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HOME: POPULATION ISSUES: PREVENTING HIV INFECTION: UNFPA Response 2003
Preventing HIV Infection
UNFPA Response 2003
Strategy for Prevention
Country Commitments
Regional Response
Global Action
Conclusion: Challenges
Statements Guiding UNFPA in HIV Prevention

Statements Guiding UNFPA in HIV Prevention

1994

International Conference on Population and Development (Cairo)
Programme of Action

Reproductive health programmes should “increase their efforts to prevent, detect and treat sexually transmitted diseases and other reproductive tract infections…” (paragraph 7.30).

Other recommendations include the training of health care providers in sexually transmitted diseases, including HIV/AIDS; the provision in reproductive health programmes of information, education and counselling on responsible sexual behaviour; and the promotion and reliable supply of high-quality condoms (paragraphs 7.31-7.33).

1999

ICPD+5
Key Actions for the Further Implementation of the Programme of Action of the ICPD

"Governments should ensure that prevention of and services for sexually transmitted diseases and HIV/AIDS are an integral component of reproductive and sexual health programmes at the primary health care level" (paragraph 68).

  • By 2005 at least 90 per cent of young people aged 15 to 24, and 95 per cent by 2010, should have access to the means to prevent and control HIV/AIDS.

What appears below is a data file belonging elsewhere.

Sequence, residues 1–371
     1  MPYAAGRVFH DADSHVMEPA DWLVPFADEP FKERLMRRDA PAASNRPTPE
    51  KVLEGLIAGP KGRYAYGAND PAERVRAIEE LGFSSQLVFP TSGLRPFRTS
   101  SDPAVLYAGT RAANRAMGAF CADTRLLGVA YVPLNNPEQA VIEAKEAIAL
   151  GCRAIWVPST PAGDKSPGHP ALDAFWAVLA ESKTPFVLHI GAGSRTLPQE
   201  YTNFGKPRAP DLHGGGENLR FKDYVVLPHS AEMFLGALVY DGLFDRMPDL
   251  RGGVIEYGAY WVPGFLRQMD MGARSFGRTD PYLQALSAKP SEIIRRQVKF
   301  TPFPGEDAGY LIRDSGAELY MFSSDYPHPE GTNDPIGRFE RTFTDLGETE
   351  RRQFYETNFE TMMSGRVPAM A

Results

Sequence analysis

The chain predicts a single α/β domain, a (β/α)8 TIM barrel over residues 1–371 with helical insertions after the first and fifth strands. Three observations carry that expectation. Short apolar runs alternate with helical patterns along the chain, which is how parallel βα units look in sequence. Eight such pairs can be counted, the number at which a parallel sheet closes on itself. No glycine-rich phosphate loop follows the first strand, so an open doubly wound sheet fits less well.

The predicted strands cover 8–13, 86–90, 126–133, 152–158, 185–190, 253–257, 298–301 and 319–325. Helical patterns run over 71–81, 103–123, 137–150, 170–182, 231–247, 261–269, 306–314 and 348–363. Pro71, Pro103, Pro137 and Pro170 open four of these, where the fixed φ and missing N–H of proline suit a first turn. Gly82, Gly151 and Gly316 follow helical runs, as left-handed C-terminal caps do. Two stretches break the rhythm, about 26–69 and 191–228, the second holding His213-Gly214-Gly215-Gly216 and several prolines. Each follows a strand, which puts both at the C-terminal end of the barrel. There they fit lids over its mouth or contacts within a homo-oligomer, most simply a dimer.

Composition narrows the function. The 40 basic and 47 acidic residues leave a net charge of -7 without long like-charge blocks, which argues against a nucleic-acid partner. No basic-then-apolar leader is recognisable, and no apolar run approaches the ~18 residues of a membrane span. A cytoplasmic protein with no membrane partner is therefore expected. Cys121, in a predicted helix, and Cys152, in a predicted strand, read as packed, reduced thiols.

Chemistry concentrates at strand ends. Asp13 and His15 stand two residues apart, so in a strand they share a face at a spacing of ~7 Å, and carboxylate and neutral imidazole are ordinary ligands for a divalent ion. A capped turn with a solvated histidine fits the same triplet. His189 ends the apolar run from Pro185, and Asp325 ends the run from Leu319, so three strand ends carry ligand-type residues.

• HIV infection rates in persons 15 to 24 years of age should be reduced by 25 per cent in the most affected countries by 2015, and by 25 per cent globally by 2010.

2000

Millennium Summit of the United Nations
Millennium Development Goals

  • By 2015, to have halted and begun to reverse the
    spread of HIV/AIDS.

2001

United Nations General Assembly Special Session on HIV/AIDS
Declaration of Commitment on HIV/AIDS

Drawing upon and endorsing the ICPD and ICPD+5 recommendations concerning HIV/AIDS, governments pledged to pursue the following targets:

  • To reduce HIV infection among 15- to 24-year-olds by 25 per cent in the most affected countries by 2005 and, globally, by 2010, challenging gender inequalities in relation to HIV/AIDS;

  • By 2003, have in place national prevention targets recognizing factors that increase vulnerability and identifying high-risk groups;

  • By 2005, strengthen the response to HIV/AIDS in the world of work;

  • By 2005, develop and implement strategies to protect mobile and migrant workers;

  • By 2003, implement universal precautions in all health care settings;

  • By 2005 ensure that a wide range of prevention programmes that take account of local circumstances, ethics and cultural values are available in the most affected countries;

  • By 2005, at least 90 per cent, and by 2010 at least 95 per cent of young men and women aged 15 to 24 years should have access to information, education and services necessary to develop the life skills required to reduce their vulnerability to HIV infection;

  • By 2005, to reduce the proportion of infants infected with HIV by 20 per cent, and by 50 per cent by 2010, by ensuring that 80 per cent of pregnant women accessing antenatal care have information, counselling and other HIV prevention services available to them.

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